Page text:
DirecTV Inc. added 275,000 net U.S. direct-broadcast satellite subscribers in
the first quarter and upped its forecast of net adds for the year.
Days after News Corp. agreed to buy control of DirecTV parent Hughes
Electronics Corp., Hughes officials said the quarter's results were better than
expected and took every opportunity to bash cable.
In a conference call to discuss the results, DirecTV president Roxanne
Austin even answered analyst questions about EchoStar Communications Corp.
competition and high-speed-data service offerings with swipes against cable.
"We are very focused on cable," Austin said after someone asked whether
DirecTV was in better shape against EchoStar's Dish Network after those would-be
merger partners had exchanged financial data.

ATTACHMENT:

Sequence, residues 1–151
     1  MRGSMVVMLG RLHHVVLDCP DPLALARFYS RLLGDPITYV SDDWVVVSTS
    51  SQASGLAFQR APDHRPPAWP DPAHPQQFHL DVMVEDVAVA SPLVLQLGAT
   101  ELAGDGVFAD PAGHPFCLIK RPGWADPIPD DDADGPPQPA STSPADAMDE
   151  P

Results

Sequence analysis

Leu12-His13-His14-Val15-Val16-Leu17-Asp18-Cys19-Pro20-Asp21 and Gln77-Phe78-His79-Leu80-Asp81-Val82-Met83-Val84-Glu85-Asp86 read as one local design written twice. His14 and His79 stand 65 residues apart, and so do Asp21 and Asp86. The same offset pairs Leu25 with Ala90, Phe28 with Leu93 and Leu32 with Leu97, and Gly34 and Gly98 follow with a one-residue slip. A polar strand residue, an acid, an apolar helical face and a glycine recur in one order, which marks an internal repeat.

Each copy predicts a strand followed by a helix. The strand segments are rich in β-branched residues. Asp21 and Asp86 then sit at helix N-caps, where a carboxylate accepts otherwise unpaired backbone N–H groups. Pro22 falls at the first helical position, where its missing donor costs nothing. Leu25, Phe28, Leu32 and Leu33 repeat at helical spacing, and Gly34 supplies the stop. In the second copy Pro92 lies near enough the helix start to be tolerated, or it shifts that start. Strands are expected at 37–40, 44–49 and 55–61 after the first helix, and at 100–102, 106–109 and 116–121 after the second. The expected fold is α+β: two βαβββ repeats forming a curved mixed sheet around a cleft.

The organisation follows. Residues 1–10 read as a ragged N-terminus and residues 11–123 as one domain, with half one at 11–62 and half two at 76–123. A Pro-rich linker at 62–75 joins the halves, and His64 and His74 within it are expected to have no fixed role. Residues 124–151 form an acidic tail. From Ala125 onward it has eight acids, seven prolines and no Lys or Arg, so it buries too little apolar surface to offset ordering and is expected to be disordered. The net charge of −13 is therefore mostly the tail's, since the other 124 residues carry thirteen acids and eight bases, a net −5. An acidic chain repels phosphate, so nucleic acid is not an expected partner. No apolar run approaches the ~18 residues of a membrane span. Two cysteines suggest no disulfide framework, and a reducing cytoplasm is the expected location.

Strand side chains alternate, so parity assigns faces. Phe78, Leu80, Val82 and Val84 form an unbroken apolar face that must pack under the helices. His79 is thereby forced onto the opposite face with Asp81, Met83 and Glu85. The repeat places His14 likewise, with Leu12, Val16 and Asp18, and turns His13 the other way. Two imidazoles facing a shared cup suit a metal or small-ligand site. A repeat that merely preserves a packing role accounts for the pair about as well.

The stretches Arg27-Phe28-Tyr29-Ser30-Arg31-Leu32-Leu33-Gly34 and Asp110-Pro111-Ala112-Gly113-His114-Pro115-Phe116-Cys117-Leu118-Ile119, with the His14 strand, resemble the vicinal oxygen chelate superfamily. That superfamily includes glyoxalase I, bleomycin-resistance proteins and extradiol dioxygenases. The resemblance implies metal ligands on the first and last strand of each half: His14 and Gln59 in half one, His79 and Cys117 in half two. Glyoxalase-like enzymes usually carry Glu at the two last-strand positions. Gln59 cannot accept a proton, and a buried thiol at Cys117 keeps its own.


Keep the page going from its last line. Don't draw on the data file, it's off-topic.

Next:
"They don't have a fully competitive digital offering," she said of cable
operators, adding that 40 percent of DirecTV customers in the quarter were
former digital-cable subscribers.
"Cable is not delivering on its digital promise, and we always have," she added.
Hughes said it expects to elevate DirecTV's 11.4 million-subscriber U.S. base
by as many as 850,000 customers, up from prior estimates that topped out at
800,000. (The total current base includes 1.65 million customers in National
Rural Telecommunications Cooperative territories.)
DirecTV also expects about 300,000 new customers -- and more than 250,000
existing customers -- to get a digital-video-recording DirecTV set-top this year,
raising that customer count to just under 1 million as of Dec. 31, Austin said.
She added that DirecTV expects programming costs to rise about 7 percent
this year, down from 8 percent to 9 percent last year, as it aims to improve profit
Monthly churn, or customer disconnects, declined to 1.5 percent in the
quarter, the lowest level for a first quarter in four years, officials said.
Revenue at the DirecTV U.S. unit rose 16 percent in the quarter year over
year to $1.71 billion.
The U.S. DBS unit had a $106 million operating profit in